Article

Altered distribution of interstitial cells of Cajal in Hirschsprung’s disease. Arch Pathol Lab Med

Children's Research Centre, Our Lady's Hospital for Sick Children, Dublin, Ireland.
Archives of pathology & laboratory medicine (Impact Factor: 2.88). 09/2002; 126(8):928-33. DOI: 10.1043/0003-9985(2002)126<0928:ADOICO>2.0.CO;2
Source: PubMed

ABSTRACT Constipation or recurrent intestinal dysmotility problems are common after definitive surgical treatment in Hirschsprung disease (HD). c-Kit-positive interstitial cells of Cajal (ICCs) play a key role in the motility function and development of the gastrointestinal tract. Interstitial cells of Cajal that carry the tyrosine kinase receptor (c-Kit) develop as either myenteric ICCs or muscular ICCs under the influence of the kit ligand, which can be provided by neuronal and nonneuronal cells, for example, smooth muscle cells.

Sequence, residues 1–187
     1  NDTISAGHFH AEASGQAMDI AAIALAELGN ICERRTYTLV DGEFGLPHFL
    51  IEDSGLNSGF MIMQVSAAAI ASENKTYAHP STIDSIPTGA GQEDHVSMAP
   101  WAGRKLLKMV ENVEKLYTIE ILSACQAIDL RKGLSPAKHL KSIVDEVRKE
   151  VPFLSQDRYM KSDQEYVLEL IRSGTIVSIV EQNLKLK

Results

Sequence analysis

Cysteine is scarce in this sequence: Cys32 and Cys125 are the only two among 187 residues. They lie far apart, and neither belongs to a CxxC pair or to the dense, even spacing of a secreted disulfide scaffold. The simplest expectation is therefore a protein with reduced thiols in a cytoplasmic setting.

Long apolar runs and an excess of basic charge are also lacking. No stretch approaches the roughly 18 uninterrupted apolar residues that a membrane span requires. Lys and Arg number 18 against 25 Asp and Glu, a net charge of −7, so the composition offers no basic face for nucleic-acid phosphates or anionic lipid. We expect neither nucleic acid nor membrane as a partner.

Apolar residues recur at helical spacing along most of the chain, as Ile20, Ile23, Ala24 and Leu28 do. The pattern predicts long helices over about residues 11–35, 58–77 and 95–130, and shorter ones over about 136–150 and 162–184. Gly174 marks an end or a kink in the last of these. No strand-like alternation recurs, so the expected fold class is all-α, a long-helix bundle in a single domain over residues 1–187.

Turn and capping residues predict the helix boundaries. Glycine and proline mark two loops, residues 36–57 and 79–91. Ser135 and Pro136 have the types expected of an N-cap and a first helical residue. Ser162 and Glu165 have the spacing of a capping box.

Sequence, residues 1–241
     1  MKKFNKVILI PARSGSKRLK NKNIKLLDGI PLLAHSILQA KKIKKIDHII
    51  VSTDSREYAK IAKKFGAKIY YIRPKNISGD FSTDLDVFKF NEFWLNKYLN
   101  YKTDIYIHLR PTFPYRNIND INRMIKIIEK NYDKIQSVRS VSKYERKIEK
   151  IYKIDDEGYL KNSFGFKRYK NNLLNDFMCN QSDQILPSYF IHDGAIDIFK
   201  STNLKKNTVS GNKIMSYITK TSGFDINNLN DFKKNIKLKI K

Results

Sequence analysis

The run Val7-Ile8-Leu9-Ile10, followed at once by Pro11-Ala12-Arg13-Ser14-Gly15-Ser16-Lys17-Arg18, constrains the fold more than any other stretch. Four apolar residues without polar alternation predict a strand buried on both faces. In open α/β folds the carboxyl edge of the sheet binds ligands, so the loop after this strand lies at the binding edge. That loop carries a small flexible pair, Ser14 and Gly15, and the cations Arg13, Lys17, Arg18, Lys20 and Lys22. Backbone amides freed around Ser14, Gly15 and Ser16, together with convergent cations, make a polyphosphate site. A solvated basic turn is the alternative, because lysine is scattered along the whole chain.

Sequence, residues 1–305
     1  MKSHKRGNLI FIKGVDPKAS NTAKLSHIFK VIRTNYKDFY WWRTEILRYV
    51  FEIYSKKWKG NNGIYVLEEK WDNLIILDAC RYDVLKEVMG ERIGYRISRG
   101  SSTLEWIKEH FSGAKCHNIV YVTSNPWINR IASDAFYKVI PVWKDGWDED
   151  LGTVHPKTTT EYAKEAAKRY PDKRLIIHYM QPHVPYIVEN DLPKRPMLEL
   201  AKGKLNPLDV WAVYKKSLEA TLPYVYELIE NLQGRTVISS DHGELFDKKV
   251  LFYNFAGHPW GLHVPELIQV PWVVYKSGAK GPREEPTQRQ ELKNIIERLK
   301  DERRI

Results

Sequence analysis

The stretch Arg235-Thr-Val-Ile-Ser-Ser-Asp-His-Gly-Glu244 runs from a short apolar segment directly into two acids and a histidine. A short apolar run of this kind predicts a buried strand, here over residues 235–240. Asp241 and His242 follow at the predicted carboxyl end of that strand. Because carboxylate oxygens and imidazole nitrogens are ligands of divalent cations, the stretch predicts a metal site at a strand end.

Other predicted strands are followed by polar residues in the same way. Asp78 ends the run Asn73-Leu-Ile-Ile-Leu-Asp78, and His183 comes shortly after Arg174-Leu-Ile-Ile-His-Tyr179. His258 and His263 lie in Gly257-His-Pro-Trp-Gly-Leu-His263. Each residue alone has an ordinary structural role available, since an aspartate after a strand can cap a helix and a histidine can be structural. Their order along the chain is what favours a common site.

To investigate the distribution of myenteric and muscular ICCs in different parts of the colon in HD.
Resected bowel specimens from 8 patients with rectosigmoid HD were investigated using combined staining with c-Kit enzyme and fluorescence immunohistochemistry and acetylcholinesterase and nicotinamide adenine dinucleotide phosphate (NADPH) histochemistry in whole-mount preparations and conventional frozen sections.
In the normal bowel, ICCs formed a dense network surrounding the myenteric plexus and at the innermost part of the circular muscle. Myenteric ICCs were absent or sparse in the aganglionic bowel and sparse in the transitional zone. The expression of myenteric ICCs in the ganglionic bowel in HD was reduced compared to that in the normal bowel, and they formed only sparse networks. Muscular ICCs were found in the aganglionic bowel, transitional zone, and normoganglionic bowel of HD in a reduced density compared to the normal bowel.
This study demonstrates altered distribution of ICCs in the entire resected bowel of HD patients. This finding suggests that persistent dysmotility problems after pull-through operation in HD may be due to altered distribution and impaired function of ICCs.

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